The History of Tortillas Has Surprising Beginning
By Jill Draper
The humble flour tortilla that wraps around the filling of your favorite burrito has a surprising history that links Jews expelled during the Spanish Inquisition with indigenous Americans. Gene T. Chavez explores this connection at the Mid-Continent Public Library’s Red Bridge branch at 6:30 p.m. Thursday, Oct. 25. This culinary journey for adults and teens begins with a PowerPoint show and ends with a cooking lesson and fresh-off-the-griddle tortilla sampling.
Beginning in the late 1400s, Jews in Spain and Portugal were exiled and resettled in other areas of the Mediterranean as well as northern Africa and the Americas, explains Chavez. Those who moved to northern Mexico (New Spain) were familiar with eating tortillitas, the name they gave to little cakes or flatbread made with wheat flour and ground chickpeas in their home country.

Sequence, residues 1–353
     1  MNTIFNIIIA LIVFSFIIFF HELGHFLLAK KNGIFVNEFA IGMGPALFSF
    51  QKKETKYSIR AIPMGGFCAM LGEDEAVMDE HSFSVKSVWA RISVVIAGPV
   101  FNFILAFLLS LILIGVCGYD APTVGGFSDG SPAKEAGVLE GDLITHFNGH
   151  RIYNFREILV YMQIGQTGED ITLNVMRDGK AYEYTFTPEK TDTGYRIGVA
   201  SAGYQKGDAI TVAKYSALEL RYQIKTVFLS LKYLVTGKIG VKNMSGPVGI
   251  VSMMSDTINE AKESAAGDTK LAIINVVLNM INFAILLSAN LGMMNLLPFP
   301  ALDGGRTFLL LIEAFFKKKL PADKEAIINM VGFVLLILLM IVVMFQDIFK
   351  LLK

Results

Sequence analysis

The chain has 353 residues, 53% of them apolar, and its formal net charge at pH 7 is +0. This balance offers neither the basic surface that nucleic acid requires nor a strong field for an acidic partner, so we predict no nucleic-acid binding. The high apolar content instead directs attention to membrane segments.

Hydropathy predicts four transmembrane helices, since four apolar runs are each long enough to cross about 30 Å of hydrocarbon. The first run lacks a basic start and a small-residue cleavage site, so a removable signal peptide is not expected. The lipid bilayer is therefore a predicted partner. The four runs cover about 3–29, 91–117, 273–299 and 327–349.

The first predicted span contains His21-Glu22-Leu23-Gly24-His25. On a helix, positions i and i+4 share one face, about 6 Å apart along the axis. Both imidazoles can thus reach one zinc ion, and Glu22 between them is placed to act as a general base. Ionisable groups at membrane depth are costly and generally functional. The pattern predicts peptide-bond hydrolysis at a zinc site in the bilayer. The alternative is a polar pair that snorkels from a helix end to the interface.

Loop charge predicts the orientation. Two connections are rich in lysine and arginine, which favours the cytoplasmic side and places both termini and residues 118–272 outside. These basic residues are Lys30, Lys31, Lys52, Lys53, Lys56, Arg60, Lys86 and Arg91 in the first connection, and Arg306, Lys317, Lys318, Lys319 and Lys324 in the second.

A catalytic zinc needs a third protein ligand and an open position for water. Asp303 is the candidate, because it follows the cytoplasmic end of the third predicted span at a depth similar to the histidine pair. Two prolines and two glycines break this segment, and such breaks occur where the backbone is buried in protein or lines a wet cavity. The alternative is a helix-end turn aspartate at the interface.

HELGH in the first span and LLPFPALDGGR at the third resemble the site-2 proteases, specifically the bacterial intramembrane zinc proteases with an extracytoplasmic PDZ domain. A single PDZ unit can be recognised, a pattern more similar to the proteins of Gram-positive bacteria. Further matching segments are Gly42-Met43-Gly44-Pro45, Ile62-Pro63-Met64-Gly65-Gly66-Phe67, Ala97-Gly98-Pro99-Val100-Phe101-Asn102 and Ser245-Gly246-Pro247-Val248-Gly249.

Although corn tortillas were a staple in their new land, the Jews rejected the idea of eating corn. They considered it non-kosher since it was fed to pigs, and eventually the flour tortilla became a staple in the region.
When Chavez was growing up in Denver and Los Angeles, his mother often made a big stack of flour tortillas for supper with enough extras for breakfast and lunch the following day. A longtime educator, he became curious about the flour tortilla’s popularity in northern Mexico and Texas, and has recently been sharing its history in a series of library talks. He notes that corn and flour tortilla sales in the United States now outpace sliced white bread, according to the Tortilla International Association.
Gene T. Chavez made tortillas for Fox 4 News in September. He’ll talk about the history of the tortilla and do a similar demonstration on Oct. 25 at the Red Bridge Library.